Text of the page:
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  • A wide network of non-governmental organizations (NGOs) and Corporate Social Responsibility (CSR) companies in the UK are active in promoting BDS (boycott, divestments, and sanctions) campaigns against Israel. These groups include Corporate Watch, Lawyers for Palestinian Human Rights, Stop G4S, Palestine Solidarity Campaign, Boycott Israel Network, and ECCR (Ecumenical Council on Corporate Responsibility). Activities include the development of a BDS Handbook and related “research” publications, demonstrations, a campaign against G4S that included complaints to the UK’s OECD National Contact Point, and removal of Israeli produce from UK supermarkets.
  • In order to advance the BDS agenda, these groups distort legal narratives to falsely accuse Israel of human rights violations and erroneously argue that conducting business with Israel or Israeli businesses outside the 1949 Armistice line amounts to furthering these alleged violations.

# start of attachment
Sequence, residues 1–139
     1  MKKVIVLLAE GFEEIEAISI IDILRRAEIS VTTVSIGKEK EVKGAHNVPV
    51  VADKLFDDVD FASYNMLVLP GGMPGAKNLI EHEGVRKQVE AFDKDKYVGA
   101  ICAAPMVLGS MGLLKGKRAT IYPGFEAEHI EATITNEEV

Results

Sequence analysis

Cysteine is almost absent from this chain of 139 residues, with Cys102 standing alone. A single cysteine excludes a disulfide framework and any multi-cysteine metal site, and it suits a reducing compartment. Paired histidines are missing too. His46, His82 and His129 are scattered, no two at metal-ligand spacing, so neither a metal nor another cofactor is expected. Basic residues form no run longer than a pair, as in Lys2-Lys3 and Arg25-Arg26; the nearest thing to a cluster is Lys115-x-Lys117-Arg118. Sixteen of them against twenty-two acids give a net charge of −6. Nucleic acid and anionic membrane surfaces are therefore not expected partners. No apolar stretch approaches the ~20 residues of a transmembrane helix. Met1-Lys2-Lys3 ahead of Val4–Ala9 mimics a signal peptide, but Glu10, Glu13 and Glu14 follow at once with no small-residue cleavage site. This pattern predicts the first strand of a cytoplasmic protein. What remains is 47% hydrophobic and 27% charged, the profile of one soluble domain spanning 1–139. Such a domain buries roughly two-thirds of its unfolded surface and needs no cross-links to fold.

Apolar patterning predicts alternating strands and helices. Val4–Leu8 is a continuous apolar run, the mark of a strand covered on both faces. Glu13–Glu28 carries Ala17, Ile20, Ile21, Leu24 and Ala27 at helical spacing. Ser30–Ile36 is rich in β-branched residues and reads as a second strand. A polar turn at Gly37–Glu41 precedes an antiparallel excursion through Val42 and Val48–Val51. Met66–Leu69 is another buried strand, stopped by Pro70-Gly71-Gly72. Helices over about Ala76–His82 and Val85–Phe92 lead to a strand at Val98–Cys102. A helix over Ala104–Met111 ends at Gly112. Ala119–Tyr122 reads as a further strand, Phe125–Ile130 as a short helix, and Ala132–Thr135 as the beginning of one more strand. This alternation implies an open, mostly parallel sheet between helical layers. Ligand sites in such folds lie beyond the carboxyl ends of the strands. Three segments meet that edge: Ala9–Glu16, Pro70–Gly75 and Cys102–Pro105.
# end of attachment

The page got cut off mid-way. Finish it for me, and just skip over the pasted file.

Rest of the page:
Corporate Watch’s BDS Handbook

  • Corporate Watch describes itself as “an independent research group” that confronts “the root causes of corporate power” by providing research as “a vital resource for campaigns looking to target particular companies.” Founded in 1996, Corporate Watch “is registered as a not-for-profit company limited by guarantee, which gives us the freedom to express our political opinions. Our work includes investigative journalism, analysis and publishing.”  Corporate Watch does not disclose the names of its employees.
  • In 2009, Corporate Watch began a “Corporate Occupation” campaign that “aims to track corporate complicity in Israeli militarism, occupation and apartheid.” Corporate Occupation is “intended to serve as a resource for the international movement for Boycott Divestment and Sanctions against Israeli apartheid, colonisation and occupation.” The campaigned relied heavily on information from the Israeli NGO Who Profits, another group that exploits CSR principles to advance BDS against Israel.